The Magnesium Diet. Are You Deficient?
- Aug 12, 2018
- Kelly Harrington, MS, RDN
Even though it’s a very simple mineral for your body to regulate, its levels can be thrown off pretty easily by stress, alcohol use and various medications. Also, as processed foods have become popular, magnesium levels have dropped because many people just don’t eat enough fruit, vegetables, and whole grains—all important sources of magnesium.
Why Is Magnesium So Important?
Magnesium is responsible for over 300 biochemical reactions in our body!
To name a few, magnesium...
- Regulates normal muscle and nerve function, blood pressure, and blood glucose control;
- Ensures correct formation of teeth and bones;
- Metabolizes carbohydrates, amino acids, and fats;
- Keeps the immune system strong.
As you can see, magnesium is involved in some big-time things happening throughout the body.
Are You Deficient in Magnesium?
The first symptoms of magnesium deficiency can be subtle. Most magnesium is stored in our tissues so leg cramps, foot pain, or muscle twitches and spasms can be the first sign, such as when the corner of your eye twitches.
Other early signs of deficiency include loss of appetite, nausea, vomiting, fatigue, and weakness.
One effective way to ensure proper magnesium levels is to get a blood test, but another effective way is to take a magnesium supplement or apply it to your skin (transdermal) with a magnesium lotion, magnesium oil, or a mineral wellness bath.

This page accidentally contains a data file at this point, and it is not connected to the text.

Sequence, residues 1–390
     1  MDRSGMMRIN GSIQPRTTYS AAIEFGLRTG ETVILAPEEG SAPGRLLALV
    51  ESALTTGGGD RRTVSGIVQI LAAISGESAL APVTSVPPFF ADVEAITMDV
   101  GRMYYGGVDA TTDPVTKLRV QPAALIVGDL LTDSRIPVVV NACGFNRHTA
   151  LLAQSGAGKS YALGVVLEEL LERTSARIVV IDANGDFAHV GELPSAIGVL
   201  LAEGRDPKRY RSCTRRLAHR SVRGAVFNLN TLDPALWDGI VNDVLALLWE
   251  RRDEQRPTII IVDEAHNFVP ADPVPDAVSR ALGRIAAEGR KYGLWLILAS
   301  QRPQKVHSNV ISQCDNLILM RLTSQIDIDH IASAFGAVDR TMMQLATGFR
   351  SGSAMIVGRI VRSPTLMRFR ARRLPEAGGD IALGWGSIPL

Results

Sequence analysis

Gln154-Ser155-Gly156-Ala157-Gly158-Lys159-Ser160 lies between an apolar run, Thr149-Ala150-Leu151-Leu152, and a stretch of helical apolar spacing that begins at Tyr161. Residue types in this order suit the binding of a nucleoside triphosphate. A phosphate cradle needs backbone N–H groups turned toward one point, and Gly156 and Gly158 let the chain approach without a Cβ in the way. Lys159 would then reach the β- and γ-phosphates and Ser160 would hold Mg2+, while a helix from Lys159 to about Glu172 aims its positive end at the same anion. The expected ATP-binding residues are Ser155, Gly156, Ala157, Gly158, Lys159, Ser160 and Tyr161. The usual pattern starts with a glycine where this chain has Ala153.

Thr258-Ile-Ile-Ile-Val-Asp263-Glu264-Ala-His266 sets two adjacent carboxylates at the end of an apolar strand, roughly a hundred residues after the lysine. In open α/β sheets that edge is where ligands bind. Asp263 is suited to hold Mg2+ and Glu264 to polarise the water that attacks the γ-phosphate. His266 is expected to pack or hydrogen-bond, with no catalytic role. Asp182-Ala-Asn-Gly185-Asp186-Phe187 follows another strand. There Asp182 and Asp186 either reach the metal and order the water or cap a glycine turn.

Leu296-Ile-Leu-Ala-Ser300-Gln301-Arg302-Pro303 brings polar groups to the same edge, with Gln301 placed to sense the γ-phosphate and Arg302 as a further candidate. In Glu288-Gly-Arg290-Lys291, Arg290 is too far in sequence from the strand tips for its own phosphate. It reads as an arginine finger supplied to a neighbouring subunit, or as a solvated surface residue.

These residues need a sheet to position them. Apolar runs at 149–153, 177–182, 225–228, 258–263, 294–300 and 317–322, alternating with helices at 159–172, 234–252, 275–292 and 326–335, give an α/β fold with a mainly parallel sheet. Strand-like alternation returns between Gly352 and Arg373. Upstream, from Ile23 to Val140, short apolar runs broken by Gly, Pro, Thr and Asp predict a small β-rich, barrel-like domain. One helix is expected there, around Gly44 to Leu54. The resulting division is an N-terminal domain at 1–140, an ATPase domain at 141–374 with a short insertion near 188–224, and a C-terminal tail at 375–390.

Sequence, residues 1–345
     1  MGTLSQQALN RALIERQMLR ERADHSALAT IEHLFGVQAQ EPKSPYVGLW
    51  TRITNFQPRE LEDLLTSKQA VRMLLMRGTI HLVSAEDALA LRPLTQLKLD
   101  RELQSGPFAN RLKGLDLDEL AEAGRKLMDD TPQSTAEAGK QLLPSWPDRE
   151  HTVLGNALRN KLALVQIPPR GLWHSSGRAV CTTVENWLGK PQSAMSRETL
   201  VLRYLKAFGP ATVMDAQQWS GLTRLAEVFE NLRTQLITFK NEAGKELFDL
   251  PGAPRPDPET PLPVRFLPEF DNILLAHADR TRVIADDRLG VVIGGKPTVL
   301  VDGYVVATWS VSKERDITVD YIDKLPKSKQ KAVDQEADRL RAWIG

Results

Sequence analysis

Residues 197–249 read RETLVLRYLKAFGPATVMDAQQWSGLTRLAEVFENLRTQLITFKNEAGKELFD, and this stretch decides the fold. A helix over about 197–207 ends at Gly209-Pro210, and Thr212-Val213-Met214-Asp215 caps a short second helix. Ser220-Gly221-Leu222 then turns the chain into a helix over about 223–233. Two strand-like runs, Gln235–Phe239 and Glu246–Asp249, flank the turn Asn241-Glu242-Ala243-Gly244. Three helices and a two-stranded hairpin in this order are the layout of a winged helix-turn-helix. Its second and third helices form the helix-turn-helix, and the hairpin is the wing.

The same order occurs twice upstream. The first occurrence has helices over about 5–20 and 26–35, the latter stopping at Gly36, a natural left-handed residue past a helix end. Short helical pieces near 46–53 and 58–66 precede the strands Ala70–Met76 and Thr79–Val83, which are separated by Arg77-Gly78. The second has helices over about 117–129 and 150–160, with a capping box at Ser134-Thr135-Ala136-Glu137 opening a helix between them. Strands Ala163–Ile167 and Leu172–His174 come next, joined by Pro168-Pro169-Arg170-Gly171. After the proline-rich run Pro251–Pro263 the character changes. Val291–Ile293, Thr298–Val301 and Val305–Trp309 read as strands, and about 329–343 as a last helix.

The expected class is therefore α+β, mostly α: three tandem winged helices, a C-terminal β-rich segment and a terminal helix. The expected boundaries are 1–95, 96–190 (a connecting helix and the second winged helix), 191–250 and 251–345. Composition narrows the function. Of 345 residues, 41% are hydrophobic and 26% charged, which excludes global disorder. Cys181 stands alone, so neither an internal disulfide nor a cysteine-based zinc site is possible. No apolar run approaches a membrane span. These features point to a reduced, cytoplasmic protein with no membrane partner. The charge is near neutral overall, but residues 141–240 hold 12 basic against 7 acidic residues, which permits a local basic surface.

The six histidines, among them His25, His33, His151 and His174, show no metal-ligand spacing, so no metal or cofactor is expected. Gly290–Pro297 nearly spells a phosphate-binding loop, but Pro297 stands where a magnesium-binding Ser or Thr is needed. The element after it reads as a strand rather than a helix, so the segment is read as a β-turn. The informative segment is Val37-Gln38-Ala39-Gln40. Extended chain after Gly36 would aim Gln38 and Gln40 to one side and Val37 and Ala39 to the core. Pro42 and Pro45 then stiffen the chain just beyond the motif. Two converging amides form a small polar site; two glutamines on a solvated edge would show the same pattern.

Get The Right Amount of Magnesium
Eating these six food groups is an easy way to get started:
DARK-GREEN LEAFY VEGETABLES: Look for spinach, kale, and chard the next time you grocery shop.
NUTS AND SEEDS: Sesame seeds are super high in magnesium, but the two that take the top spot are squash and pumpkin seeds.
BEANS: white beans, black-eyed peas, kidney beans, and chickpeas all hit the high-magnesium mark.
CHOCOLATE: Sure, it can also satisfy a craving for sweets, but luckily chocolate has magnesium too. It’s best to look for dark chocolate to get the benefits.
FISH: Mackerel is one of the higher sources of magnesium in the fish department, but tuna is also a good option.
WHOLE, UNREFINED GRAINS: brown rice and quinoa are good sources of magnesium, with grains like millet and bulgur following close behind.
Tip: Oral magnesium acts as a laxative by causing a more rapid gut transit time. Magnesium needs to travel through the intestinal system slowly.
Women over the age of 30 typically need to take about 320 mg of magnesium daily.
In Health and Happiness,
Kelly Harrington, MS, RDN
Registered Dietitian Nutritionist for Healthy Goods